14.5 C
Thursday, June 4, 2020
Connecting Our Communities

It’s like doing international aid work right here at home

Dr. Michael Stephenson lauded for his efforts to provide medical services to refugees in the region

A physician at the Woolwich Community Health Centre, Dr. Michael Stephenson also spends a fair bit of his professional time tending to the area’s growing population of refugees.

Looking to help some of the most vulnerable residents, Stephenson founded the Sanctuary Refugee Health Centre. His efforts have not gone unnoticed, last week garnering him a City Builder Award from Kitchener’s mayor. Just launched in 2015, the awards are presented to those who’ve dedicated themselves to improving their community.

He’s quick to share the credit with his team of volunteers and translators working with him at the clinic, treating vulnerable populations in the region.

“It is a tremendous honour for me. I feel like it is actually an award that should be going to my entire team, not just me. We have quite a number of volunteers and people who are dedicated to this work. It is a team that has been terrific to work with. They make my job a lot easier,” he said.

The refugee-focused health centre had humble beginnings, starting in 2013 with just six patients on their first day. They started treating refugees out of St. Mark’s Lutheran Church in Kitchener, seeing the response grow from there.

Dr. Michael Stephenson, pictured at the Woolwich Community Health Centre, has been awarded the Kitchener mayor’s City Builder Award for his work at the Sanctuary Refugee Health Centre. [Liz Bevan / The Observer]
“Now, we have 700 to 800 patients, and all of the people we see are refugees,” he said. “There is a huge need and I can’t keep up with the requests for new patients coming on board.”

Stephenson isn’t new to treating refugees. He has worked in Toronto and Montreal, volunteering his knowledge and services to those who need it most. His wife accepted a job at the University of Waterloo, and getting tired of commuting back to Toronto, he decided to explore volunteering opportunities more locally.

“I spoke with a lot of social service agencies that work with refugees, like the Mennonite Coalition for Refugee Support, Reception House, I spoke with folks at Immigration Services at the YMCA, and what everyone was telling me was that the need was here,” he said. “There is a huge need for health care providers that are willing to see refugees and follow refugees to help them navigate the Canadian health system.”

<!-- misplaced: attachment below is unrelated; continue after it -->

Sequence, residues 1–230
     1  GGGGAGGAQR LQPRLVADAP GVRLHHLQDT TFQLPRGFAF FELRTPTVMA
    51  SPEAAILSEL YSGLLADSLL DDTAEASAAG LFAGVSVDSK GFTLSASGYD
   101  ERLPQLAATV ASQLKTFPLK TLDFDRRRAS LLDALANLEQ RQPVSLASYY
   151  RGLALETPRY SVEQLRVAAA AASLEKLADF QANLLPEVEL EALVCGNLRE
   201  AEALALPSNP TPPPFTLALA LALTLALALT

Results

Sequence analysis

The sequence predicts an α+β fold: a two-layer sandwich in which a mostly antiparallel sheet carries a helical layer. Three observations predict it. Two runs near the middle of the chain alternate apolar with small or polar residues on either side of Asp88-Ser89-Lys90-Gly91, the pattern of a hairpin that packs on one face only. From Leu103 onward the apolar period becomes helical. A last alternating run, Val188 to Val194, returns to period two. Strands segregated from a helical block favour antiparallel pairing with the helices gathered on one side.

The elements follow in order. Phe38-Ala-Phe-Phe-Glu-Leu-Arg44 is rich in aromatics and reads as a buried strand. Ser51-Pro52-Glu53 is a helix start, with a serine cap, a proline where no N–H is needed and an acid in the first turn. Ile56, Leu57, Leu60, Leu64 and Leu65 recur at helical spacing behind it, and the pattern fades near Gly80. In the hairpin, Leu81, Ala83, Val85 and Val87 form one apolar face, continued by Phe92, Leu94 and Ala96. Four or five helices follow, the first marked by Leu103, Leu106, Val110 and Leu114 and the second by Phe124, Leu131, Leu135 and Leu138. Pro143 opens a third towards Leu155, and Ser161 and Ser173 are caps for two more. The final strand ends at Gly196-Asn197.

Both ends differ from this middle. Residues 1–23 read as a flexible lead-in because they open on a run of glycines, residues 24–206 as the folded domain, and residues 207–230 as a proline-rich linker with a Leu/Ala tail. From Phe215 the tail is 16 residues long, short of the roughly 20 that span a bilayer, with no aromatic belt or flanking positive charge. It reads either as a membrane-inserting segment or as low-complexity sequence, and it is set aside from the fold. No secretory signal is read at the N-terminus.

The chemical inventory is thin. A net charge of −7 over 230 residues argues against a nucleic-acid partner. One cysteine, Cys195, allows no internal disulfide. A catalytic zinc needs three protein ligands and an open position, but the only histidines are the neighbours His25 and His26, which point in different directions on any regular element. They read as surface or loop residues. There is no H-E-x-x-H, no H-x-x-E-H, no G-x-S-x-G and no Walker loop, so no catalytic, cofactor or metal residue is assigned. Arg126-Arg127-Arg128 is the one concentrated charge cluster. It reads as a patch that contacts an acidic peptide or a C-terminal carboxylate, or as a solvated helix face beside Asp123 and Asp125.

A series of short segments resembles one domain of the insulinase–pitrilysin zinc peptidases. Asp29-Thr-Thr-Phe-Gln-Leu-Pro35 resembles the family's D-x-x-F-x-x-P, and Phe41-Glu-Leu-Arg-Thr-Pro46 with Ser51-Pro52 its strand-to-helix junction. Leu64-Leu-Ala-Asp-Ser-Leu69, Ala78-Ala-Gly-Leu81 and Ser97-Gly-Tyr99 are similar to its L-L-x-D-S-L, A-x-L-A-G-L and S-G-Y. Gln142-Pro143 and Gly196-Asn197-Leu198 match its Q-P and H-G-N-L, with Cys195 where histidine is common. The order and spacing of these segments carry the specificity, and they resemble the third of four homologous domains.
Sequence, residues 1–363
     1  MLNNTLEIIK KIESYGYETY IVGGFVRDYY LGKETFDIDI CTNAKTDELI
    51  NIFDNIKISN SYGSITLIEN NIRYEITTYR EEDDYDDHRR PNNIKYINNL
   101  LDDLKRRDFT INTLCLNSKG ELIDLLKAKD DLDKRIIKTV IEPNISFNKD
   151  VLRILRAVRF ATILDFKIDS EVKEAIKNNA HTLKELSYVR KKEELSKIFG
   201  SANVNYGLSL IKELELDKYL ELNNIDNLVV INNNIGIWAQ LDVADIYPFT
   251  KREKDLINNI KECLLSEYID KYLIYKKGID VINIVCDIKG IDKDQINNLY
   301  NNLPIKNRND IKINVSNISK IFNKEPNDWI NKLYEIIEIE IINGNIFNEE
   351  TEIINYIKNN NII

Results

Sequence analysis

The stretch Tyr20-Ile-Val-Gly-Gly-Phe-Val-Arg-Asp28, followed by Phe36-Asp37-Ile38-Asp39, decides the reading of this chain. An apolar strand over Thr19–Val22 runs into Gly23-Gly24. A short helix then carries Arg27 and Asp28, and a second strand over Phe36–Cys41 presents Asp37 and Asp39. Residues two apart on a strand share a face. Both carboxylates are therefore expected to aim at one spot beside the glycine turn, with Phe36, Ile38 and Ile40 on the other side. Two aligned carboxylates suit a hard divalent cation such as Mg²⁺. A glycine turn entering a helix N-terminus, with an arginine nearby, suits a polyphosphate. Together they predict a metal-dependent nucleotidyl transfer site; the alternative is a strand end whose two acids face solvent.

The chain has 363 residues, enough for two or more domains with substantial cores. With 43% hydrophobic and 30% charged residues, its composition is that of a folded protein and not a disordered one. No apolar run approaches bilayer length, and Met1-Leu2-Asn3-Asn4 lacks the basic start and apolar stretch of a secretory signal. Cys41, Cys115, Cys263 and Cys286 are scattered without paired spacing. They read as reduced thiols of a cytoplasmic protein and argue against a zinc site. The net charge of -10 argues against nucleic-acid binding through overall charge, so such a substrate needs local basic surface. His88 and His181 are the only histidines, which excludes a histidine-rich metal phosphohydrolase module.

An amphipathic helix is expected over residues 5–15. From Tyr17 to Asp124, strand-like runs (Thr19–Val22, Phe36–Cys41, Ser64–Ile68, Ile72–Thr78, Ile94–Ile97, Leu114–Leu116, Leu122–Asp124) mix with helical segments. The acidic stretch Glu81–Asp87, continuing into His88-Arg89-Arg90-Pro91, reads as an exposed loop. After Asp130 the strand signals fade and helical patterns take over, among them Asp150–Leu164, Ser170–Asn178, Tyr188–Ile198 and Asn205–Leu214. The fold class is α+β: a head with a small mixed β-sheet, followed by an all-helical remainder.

The problems that bring refugees to the doctor’s office are unique, in some cases. Likewise language barriers can also present a challenge. Stephenson faces those challenges head-on.

“Just the illnesses that refugees get, how they present with different illnesses, can be quite a challenge for health providers that aren’t used to treating this population,” he said. “We particularly focus on the more complex patients. The patients that have mental or physical health issues that make them more vulnerable, or just need more connection with Canadian health care and social services system.”

He also spends some of his week seeing patients as a family physician at the Woolwich Community Health Centre in St. Jacobs.

The Sanctuary Refugee Health Centre is almost completely run on volunteers and donations. It is a labour of love.

“I get to work with individuals that have been through terrible things – violence and persecution that you wouldn’t imagine would exist on Earth,” he said. “You hear stories about what people have gone through, and yet, they are somehow resilient and somehow motivated to start again. That kind of human spirit, that is the best part of my job, just meeting the people and hearing their stories of survival and hearing how they have become connected to Canada. I think it makes us all feel good about being part of this community and part of that process.”

The clinic is always looking for donations to enhance their services. They aren’t registered as a charity with the Canadian Revenue Agency quite yet, so tax receipts aren’t available. The clinic could always use a hand, either with cash donations or medical equipment in used, but good, condition.

To learn more about the Sanctuary Refugee Health Centre, visit their website at www.sanctuaryrefugee.com or call 226-336-1321.

To encourage thoughtful and respectful conversations, first and last names will appear with each submission to The Observer's online community. Pseudonyms are not permitted. By submitting a comment, you accept that The Observer has the right to reproduce and publish that comment in whole or in part, in any manner The Observer chooses. Please note that The Observer does not endorse the opinions expressed in comments. Comments on this story are moderated according to our submission guidelines. Comments are welcome while open. We reserve the right to close comments at any time.


Plenty of opportunities for charitable work

With more and more people finding themselves on hard times because of the virus pandemic, there are those in the community who are taking it upon themselves to step up and find...

In Print. Online. In Pictures. In Depth.

You obviously love community journalism. Thanks for visiting today. If you have a great local story, let us know.

Return to shopping beyond the essentials

Add ‘bargain hunting’ to the list of shopping options in the restarting economy, as thrift stores have gradually been opening their doors.

Cancellation of YouthForce program will make job market tougher still

People across the country are struggling to find and maintain work in the wake of the COVID-19 pandemic. Now local youth, who...

Critical Mass’ first single in seven years

Mental health concerns abound in the climate of anxiety and isolation prompted by the novel coronavirus, a reality not lost on musician...
- Advertisement -